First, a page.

Number Ten is the brilliantly funny political satire by Sue Townsend, author of the Adrian Mole series
Behind the doors of the most famous address in the country, all is not well.
Edward Clare was voted into Number Ten after a landslide election victory. But a few years later and it is all going wrong. The love of the people is gone. The nation is turning against him.
Panicking, Prime Minister Clare enlists the help of Jack Sprat, the policeman on the door of No 10, and sets out to discover what the country really thinks of him. In disguise, they venture into the great unknown: the mean streets of Great Britain.
And for the first time in years, the Prime Minister experiences everything life in this country has to offer - an English cream tea, the kindness of strangers, waiting for trains that never come and treatment in a hospital - and at last he remembers some of things he once really cared about . . .
Bestselling author Sue Townsend has been Britain's favourite comic writer for over three decades.
'Wickedly entertaining. There is a gem on nearly every page. Nothing escapes Townsend's withering pen. Satirical, witty, observant ... a clever book' Observer
'Poignant, hilarious, heart-rending, devastating' New Statesman
'Hilarious. Sue Townsend's laughter is infectious' John Mortimer, Sunday Telegraph Books of the Year
Sue Townsend is Britain's favourite comic author. Her hugely successful novels include eight Adrian Mole books, The Public Confessions of a Middle-Aged Woman (Aged 55 ) , Number Ten , Ghost Children , The Queen and I , Queen Camilla and The Woman Who Went to Bed For a Year , all of which are highly acclaimed bestsellers. She has also written numerous well-received plays. She lives in Leicester, where she was born and grew up.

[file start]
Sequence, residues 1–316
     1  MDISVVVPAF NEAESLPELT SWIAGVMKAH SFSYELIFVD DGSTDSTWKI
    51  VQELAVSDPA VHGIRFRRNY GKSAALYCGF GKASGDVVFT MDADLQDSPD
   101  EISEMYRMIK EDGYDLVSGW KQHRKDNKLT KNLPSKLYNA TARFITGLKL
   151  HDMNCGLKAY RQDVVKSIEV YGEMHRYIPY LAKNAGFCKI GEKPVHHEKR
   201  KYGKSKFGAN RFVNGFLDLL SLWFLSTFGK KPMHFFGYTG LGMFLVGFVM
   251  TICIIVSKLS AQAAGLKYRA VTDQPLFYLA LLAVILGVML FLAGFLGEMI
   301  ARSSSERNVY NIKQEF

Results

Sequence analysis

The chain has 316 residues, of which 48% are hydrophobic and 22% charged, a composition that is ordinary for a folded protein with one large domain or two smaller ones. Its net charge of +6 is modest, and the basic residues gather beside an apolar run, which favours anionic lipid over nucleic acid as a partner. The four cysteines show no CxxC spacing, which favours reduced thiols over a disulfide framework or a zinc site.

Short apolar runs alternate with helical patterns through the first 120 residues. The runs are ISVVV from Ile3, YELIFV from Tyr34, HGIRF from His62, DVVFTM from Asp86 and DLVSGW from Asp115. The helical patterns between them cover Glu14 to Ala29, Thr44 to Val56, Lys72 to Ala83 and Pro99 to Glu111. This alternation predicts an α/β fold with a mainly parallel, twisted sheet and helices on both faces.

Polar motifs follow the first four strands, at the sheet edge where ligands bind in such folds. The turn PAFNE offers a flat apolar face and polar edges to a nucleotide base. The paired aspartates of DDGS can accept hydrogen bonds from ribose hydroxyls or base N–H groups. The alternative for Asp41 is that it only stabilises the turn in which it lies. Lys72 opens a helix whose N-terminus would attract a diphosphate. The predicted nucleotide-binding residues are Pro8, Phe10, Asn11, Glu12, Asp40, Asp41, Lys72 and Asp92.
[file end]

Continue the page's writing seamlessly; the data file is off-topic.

A wickedly entertaining and passionate swipe at New Labour The Times
Sue Townsend was born in Leicester in 1946. Despite not learning to read until the age of eight, leaving school at fifteen with no qualifications and having three children by the time she was in her mid-twenties, she always found time to read widely. She also wrote secretly for twenty years. After joining a writers' group at The Phoenix Theatre, Leicester, she won a Thames Television award for her first play, Womberang, and became a professional playwright and novelist. After the publication of The Secret Diary of Adrian Mole Aged 13¿, Sue continued to make the nation laugh and prick its conscience. She wrote seven further volumes of Adrian's diaries and five other popular novels - including The Queen and I, Number Ten and The Woman Who Went to Bed for a Year - and numerous well received plays. Sue passed away in 2014 at the age of sixty-eight. She remains widely regarded as Britain's favourite comic writer.
A wickedly entertaining and passionate swipe at New Labour The Times There is a gem on nearly every page. Nothing escapes Townsend's withering pen. Satirical, witty, observant ... a clever book Observer Poignant, hilarious, heart-rending, devastating New Statesman A delight. Genuinely funny ... compassion shines through the unashamedly ironic social commentary Guardian